Climate Dynamics, Volume 55, Issue 1-2

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Springer Science and Business Media LLC
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Simulating the convective precipitation diurnal cycle in North America’s current and future climate
Lucia Scaff | Andreas F. Prein | Yanping Li | Changhai Liu | Roy Rasmussen | Kyoko Ikeda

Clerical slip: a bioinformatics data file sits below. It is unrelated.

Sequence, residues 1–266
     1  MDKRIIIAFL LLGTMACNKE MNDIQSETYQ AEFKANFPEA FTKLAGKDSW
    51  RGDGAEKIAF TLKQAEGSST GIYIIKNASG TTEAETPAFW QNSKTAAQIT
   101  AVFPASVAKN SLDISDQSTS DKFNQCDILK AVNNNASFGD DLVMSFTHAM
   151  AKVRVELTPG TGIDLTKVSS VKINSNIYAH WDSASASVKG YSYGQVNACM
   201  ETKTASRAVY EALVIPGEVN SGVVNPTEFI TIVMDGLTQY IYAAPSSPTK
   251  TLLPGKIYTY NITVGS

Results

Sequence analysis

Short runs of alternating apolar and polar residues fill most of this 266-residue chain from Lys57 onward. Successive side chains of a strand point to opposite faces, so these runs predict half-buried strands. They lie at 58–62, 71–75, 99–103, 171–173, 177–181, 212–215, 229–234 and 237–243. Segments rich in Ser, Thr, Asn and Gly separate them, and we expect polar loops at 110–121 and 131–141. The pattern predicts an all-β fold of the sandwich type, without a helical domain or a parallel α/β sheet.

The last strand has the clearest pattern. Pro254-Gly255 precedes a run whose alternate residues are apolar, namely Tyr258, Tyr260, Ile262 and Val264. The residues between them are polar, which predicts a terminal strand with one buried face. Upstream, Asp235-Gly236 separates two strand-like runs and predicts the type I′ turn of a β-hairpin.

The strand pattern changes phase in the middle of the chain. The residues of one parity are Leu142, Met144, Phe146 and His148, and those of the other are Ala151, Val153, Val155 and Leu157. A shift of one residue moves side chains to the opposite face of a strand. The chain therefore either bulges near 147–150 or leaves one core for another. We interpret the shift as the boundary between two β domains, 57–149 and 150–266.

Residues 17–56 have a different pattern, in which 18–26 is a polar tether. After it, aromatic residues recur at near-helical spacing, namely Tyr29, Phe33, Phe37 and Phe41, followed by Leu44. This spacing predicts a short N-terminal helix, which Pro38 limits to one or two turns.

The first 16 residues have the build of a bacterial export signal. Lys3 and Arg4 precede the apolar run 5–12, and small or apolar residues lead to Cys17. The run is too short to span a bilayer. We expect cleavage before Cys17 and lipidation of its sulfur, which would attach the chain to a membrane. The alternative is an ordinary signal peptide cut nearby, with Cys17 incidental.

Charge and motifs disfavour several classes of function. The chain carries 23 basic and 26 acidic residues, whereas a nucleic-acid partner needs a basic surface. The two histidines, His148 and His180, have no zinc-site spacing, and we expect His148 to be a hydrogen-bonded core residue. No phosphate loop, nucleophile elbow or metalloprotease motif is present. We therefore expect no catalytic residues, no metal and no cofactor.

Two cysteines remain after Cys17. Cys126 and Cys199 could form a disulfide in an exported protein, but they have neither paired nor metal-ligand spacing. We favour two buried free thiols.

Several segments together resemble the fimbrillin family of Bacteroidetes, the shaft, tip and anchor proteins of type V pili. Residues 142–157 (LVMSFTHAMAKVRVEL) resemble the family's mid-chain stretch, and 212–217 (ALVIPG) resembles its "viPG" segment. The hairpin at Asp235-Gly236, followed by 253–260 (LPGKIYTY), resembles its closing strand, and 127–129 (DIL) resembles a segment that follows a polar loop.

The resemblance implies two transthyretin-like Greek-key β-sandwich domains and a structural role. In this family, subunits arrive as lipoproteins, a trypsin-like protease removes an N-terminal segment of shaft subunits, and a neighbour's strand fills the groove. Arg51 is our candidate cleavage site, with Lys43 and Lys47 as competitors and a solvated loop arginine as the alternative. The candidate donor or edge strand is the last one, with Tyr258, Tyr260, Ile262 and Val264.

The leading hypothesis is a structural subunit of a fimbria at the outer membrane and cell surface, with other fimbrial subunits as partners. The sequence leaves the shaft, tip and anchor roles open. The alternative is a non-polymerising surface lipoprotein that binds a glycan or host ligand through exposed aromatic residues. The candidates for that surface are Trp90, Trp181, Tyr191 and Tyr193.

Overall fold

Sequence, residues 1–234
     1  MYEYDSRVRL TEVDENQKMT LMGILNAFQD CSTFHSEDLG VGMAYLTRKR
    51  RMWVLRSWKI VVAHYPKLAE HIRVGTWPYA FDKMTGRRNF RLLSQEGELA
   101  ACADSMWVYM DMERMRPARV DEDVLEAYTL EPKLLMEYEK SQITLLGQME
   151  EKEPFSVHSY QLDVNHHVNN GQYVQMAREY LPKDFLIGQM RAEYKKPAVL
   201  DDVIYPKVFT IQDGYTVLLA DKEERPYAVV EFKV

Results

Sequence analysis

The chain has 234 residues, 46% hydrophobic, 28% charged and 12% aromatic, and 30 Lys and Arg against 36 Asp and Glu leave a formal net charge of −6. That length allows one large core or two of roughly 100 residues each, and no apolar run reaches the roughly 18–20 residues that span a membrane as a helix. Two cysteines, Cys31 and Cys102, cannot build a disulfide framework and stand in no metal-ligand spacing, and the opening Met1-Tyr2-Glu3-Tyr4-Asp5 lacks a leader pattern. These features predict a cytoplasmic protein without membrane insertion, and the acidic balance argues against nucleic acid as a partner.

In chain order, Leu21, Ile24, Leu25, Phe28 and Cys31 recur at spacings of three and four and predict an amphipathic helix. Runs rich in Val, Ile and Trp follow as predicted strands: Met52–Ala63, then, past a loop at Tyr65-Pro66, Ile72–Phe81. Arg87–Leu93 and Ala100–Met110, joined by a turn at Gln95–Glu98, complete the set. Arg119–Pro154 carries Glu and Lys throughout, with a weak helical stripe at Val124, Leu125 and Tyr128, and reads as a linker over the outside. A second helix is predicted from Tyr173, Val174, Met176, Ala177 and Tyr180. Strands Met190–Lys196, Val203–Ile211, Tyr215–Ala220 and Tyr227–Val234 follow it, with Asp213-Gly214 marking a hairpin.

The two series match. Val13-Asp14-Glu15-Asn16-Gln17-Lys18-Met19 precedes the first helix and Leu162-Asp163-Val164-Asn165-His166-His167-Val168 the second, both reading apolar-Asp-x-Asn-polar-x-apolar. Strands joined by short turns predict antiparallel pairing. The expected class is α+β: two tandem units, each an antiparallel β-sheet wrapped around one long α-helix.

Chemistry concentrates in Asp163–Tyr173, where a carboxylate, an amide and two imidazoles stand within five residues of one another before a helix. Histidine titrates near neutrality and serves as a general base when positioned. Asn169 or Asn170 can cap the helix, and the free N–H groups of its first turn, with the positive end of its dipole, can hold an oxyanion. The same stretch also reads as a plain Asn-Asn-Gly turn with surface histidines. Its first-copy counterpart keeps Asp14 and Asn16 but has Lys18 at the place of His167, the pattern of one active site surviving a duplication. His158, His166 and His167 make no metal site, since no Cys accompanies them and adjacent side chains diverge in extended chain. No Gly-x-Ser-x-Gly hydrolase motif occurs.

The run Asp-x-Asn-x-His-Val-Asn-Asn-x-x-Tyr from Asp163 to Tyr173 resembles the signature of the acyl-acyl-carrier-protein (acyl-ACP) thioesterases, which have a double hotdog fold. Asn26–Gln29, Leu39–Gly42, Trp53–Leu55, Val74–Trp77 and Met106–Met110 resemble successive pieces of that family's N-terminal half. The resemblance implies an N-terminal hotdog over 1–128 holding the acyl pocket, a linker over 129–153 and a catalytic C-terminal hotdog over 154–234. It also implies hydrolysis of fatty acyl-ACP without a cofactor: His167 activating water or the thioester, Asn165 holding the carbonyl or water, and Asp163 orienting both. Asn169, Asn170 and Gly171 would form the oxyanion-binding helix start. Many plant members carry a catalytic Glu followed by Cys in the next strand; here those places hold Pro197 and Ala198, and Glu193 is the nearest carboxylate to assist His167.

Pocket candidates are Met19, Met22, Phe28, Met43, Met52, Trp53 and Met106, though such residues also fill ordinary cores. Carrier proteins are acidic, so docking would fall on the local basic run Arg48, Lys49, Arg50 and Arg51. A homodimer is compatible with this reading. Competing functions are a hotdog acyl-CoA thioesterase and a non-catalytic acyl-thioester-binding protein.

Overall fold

Convection-permitting models (CPM) with at least 4 km horizontal grid spacing enable the cumulus parameterization to be switched off and thus simulate convective processes more realistically than coarse resolution models. This study investigates if a North American scale CPM can reproduce the observed warm season precipitation diurnal cycle on a climate scale. Potential changes in the precipitation diurnal cycle characteristics at the end of the twenty first century are also investigated using the pseudo global warming approach under a high-end anthropogenic emission scenario (RCP8.5). Simulations are performed with the Advanced Research Weather Research and Forecasting (ARW-WRF) model with 4-km horizontal grid spacing. Results from the WRF historical run (2001–2013) are evaluated against hourly precipitation from 2903 weather stations and a gridded hourly precipitation product in the U.S. The magnitude and timing of the diurnal cycle peak are realistically simulated in most of the U.S. and southern Canada. The model also captures the transition from afternoon precipitation peaks eastward of the Rocky Mountains to night peaks in the central U.S., which is related to propagating mesoscale convective systems. However, the historical climate simulation does not capture the observed early morning peaks in the central U.S. and overestimates the magnitude of the diurnal precipitation peak in the southeast region. In the simulation of the future climate, both the precipitation amount of the diurnal cycle and precipitation intensity increase throughout the domain, along with an increase in precipitation frequency in the northern region of the domain in May. These increases indicate a clear intensification of the hydrologic cycle during the warm season with potential impacts on future water resources, agriculture, and flooding.